Persecution of Christians in Eritrea: all but one of these Christians was subsequently released, but nonetheless, the arrests “dampened hopes that the government was easing its harsh repressive policy against Christians in the country.”
Beyond releasing Christians from prison, a great deal more needs to be done, not only by the Eritrean government, but by all the governments of the world wherever Christians are facing persecution, to alleviate their plight. Yet for the most part, indifference to these persecuted Christians is increasing, and the media has largely turned away.
For more ChristianPersecution.com coverage of the persecution of Christians in Eritrea, see here.
“Eritrean authorities release all but one of 23 Christians arrested at prayer meeting,” Barnabas Fund, April 13, 2021:
Authorities in Eritrea released on Sunday 11 April all but one of 23 Christians arrested at a prayer meeting in the capital Asmara towards the end of March.
Eritrean church leader Dr Berhane Asmelash said they do not yet know why the Christian man was denied freedom. They are also waiting to hear about the wellbeing of the released Christians, who are mostly women and were in good health when they were arrested and taken to Mai Sarawa prison.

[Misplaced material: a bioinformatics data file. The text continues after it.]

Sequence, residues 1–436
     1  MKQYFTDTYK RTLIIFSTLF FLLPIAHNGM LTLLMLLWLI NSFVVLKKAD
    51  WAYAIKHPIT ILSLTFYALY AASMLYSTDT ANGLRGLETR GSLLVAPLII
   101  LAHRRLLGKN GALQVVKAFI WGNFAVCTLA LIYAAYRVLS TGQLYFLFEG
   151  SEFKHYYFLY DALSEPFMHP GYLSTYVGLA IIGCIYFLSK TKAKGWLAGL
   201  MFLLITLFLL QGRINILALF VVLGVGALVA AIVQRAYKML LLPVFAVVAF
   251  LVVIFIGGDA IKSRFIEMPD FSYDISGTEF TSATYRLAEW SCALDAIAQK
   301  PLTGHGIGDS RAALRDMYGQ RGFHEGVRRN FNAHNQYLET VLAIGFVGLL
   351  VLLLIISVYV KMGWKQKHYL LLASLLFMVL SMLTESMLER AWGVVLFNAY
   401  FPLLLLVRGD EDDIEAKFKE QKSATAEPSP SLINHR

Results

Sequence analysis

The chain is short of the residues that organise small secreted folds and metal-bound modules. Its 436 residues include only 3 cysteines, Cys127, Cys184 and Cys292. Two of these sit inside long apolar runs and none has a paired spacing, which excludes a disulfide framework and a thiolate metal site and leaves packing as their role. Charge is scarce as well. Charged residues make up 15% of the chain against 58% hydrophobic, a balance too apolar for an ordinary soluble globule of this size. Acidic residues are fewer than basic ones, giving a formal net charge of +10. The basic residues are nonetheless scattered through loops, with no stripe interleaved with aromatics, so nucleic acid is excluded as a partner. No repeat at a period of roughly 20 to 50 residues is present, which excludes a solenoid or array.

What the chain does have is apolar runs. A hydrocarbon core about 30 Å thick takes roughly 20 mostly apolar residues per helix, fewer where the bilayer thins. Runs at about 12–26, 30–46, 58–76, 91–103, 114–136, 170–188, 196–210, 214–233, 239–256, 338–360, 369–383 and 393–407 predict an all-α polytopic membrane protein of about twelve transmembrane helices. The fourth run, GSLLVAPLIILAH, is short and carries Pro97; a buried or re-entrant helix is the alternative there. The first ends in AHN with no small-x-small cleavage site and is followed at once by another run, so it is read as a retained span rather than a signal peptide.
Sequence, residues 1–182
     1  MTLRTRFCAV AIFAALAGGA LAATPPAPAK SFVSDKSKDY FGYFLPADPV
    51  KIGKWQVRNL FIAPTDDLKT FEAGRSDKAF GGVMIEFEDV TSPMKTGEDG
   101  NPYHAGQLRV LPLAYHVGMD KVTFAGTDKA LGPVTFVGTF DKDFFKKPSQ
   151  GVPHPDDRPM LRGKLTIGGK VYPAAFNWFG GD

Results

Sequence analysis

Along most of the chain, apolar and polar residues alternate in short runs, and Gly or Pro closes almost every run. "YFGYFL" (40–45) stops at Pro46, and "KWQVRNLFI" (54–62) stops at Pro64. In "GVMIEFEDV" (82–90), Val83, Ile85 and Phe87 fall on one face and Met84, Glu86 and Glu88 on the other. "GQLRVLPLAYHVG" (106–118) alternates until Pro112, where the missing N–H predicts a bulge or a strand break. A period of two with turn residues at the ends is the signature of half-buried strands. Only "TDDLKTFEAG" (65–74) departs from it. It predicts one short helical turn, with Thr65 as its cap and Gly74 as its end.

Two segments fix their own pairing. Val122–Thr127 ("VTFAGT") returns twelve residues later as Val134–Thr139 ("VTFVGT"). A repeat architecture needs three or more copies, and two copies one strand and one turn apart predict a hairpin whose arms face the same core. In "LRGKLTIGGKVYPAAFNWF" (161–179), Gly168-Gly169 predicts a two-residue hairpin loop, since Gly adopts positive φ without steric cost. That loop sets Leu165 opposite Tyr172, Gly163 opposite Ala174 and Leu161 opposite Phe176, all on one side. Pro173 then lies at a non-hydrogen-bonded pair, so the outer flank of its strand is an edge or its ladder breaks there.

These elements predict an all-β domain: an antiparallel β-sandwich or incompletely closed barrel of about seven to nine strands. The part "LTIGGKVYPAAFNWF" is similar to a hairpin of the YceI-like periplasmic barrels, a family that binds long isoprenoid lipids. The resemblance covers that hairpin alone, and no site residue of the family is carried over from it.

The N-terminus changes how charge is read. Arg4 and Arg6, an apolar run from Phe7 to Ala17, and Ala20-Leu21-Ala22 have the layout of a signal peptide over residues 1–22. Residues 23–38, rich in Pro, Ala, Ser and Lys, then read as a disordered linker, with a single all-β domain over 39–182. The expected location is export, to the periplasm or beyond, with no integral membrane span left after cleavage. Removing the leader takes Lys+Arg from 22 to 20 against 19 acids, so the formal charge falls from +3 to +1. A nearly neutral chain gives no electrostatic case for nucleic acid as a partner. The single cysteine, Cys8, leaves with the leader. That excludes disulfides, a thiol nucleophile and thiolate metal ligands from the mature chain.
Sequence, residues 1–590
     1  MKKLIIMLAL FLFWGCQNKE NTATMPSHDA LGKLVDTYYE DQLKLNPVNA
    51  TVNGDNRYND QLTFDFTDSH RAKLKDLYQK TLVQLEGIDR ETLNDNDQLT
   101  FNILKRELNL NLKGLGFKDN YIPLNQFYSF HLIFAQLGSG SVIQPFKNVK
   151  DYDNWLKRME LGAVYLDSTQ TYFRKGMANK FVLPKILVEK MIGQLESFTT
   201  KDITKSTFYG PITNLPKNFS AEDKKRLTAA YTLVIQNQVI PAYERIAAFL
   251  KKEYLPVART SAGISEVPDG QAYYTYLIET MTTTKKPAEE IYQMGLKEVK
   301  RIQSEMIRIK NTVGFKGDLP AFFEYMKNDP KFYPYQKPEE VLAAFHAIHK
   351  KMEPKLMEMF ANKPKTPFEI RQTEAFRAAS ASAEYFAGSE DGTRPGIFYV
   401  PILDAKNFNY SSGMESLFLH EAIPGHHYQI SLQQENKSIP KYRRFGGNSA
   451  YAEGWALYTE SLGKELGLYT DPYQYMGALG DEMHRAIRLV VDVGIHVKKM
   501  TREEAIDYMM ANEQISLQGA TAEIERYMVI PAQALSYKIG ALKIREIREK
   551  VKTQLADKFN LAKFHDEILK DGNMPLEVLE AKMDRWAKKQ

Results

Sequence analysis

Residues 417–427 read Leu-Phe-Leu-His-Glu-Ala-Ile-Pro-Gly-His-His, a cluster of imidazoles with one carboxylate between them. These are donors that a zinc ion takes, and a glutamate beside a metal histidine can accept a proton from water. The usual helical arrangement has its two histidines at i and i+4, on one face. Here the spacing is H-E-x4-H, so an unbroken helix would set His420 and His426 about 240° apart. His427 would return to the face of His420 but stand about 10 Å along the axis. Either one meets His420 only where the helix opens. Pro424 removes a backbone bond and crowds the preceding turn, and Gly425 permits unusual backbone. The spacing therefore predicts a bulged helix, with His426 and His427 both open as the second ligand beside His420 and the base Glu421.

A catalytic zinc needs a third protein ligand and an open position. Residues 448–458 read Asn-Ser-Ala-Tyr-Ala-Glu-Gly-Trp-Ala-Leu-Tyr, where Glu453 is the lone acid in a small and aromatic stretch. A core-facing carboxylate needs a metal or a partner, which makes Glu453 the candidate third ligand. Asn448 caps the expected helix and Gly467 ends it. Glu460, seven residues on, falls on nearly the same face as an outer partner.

Another twelve Christians were arrested towards the end of March at a prayer meeting in Assab, on the Red Sea about 660 miles (1,060 km) from Asmara, near the border with Djibouti. They remain held in Assab prison, where conditions are known to be harsh. It is in a remote port area of the city reserved for military use.
The two raids on prayer meetings dampened hopes that the government was easing its harsh repressive policy against Christians in the country. Since September 2020, at least 160 Christians have been released from Eritrean prisons, including more than 70 freed from three jails in January 2021. Dr Berhane said the Christian community had been hopeful the releases signalled a softening of attitude by the government. “They thought change is coming,” he told Barnabas Fund….
Eritrea remains one of the worst countries in the world for Christian persecution, where conditions are so harsh for believers that it is described by some as Africa’s North Korea. Since the introduction of religious registration policies in 2002 only three Christian denominations are legally permitted – Eritrean Orthodox, Roman Catholic, and Lutheran – as well as Sunni Islam.